While this is not my first experience with Theatre Westminster, it has definitely been the most extensive. The Walls is no 10-minute play festival. The script has given me the most lines of my theater career so far. Beyond sheer length, The Walls is also completely new to me when it comes to subject manner.
Being a member of my high school’s drama club for three years, I am no stranger to sarcastic, comedic, and down-right silly characters. I have performed both raps and the chicken dance on stage in front of an audience. These roles have all come easily, comfortably, and naturally to me. Even my first performance with Theatre Westminster, Amanda in Short Memory, was lighthearted if not a little ditzy. However, 1920’s housewife, Alice Chudmann (my character in The Walls) is an emotional heavyweight. Becoming involved with The Walls has thrown me into unfamiliar territory. While Alice does have some lines that allow my inner snarkiness through which I thoroughly enjoy, I owe it to her (and the real life women like her) to portray her as the tragedy she is.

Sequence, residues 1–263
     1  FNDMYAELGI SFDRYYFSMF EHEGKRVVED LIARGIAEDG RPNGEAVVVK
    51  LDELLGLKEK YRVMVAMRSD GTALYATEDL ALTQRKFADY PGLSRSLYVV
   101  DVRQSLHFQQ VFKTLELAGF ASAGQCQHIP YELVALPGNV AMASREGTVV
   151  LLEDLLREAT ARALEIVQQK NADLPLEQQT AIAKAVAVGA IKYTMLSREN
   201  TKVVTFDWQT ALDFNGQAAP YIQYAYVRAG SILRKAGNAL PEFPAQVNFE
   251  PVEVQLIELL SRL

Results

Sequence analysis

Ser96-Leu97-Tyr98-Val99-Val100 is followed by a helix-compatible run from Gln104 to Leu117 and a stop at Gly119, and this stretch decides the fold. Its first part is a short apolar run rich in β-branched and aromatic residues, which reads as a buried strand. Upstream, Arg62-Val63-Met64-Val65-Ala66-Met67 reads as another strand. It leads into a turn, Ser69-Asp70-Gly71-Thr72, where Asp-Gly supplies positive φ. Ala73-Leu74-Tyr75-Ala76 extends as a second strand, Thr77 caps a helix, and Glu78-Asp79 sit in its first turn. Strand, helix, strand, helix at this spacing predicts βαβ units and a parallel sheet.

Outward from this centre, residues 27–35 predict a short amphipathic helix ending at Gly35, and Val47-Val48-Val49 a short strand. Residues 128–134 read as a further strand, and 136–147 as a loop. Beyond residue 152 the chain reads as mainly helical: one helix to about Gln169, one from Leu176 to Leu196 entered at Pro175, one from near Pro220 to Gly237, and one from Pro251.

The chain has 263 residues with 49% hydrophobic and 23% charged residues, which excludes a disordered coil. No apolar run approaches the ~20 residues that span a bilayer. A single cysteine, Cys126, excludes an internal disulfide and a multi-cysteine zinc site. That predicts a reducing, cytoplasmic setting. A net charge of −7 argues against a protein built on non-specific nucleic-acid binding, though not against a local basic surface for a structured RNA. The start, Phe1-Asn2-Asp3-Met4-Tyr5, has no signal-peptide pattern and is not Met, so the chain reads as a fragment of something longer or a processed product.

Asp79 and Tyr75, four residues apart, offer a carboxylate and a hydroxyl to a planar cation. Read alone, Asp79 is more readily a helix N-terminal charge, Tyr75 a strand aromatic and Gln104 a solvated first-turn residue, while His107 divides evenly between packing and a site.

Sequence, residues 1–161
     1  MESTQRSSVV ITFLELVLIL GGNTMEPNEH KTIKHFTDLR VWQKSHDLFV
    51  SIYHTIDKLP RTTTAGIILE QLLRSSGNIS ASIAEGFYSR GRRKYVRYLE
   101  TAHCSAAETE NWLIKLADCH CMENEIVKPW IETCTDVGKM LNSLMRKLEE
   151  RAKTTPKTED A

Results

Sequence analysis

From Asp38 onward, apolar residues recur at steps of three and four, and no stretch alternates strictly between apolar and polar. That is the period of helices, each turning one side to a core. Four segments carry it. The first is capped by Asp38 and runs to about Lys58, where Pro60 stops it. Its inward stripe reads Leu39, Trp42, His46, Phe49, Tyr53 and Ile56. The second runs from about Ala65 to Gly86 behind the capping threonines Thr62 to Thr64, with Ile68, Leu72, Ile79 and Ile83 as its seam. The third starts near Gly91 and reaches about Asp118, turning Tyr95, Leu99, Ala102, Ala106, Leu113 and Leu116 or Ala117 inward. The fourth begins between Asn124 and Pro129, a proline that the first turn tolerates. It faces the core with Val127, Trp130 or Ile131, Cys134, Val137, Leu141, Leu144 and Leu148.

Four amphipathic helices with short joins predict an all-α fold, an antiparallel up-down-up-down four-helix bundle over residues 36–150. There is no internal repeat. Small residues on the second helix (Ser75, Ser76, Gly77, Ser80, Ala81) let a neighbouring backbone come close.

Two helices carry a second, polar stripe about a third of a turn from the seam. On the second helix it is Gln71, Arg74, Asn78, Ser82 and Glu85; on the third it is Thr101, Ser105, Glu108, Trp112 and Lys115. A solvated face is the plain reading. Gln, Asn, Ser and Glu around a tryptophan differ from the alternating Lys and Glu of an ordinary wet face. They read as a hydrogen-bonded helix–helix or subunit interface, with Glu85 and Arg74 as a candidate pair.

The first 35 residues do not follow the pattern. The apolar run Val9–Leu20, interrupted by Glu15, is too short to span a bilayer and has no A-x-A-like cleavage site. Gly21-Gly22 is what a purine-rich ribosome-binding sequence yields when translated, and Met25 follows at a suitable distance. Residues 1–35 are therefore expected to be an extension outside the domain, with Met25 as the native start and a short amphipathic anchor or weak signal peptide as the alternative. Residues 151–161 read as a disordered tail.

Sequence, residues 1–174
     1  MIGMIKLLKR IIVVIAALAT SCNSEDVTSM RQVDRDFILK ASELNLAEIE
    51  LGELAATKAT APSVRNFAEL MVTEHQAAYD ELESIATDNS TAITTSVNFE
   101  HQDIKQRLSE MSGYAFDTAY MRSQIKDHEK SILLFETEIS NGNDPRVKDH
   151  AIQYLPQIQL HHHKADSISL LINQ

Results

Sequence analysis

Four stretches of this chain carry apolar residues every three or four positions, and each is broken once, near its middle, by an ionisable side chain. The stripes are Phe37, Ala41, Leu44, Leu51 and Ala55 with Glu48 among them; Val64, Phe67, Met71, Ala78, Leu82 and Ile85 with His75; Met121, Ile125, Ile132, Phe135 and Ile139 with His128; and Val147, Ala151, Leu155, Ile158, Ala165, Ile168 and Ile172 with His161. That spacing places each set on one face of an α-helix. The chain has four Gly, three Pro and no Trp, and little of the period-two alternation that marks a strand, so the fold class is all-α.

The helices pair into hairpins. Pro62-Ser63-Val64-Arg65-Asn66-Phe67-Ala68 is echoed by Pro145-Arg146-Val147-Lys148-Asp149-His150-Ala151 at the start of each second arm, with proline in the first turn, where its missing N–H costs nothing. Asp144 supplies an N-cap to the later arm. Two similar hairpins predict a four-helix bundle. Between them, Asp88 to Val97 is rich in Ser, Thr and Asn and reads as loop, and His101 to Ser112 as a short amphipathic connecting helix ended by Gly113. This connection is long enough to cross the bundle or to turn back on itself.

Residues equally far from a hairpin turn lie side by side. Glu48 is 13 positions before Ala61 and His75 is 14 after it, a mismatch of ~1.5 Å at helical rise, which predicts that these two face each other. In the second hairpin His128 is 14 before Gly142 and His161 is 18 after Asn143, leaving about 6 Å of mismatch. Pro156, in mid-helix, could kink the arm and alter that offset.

It is my difficulty and pleasure to get in touch with a side of me I usually do not show in real life, let alone on stage in front of an audience. The fear, sadness, and confusion are some of the hardest emotions I have to portray. Playing Alice is my first major step away from my high school roles and is the beginning of the transition into my college acting career, so it’s understandable that it’s difficult. Still I believe, with the help and guidance of all those involved in this production including a great director, by show time I will have come to an understanding of my character and do her justice, the justice that her time period and gender never afforded her.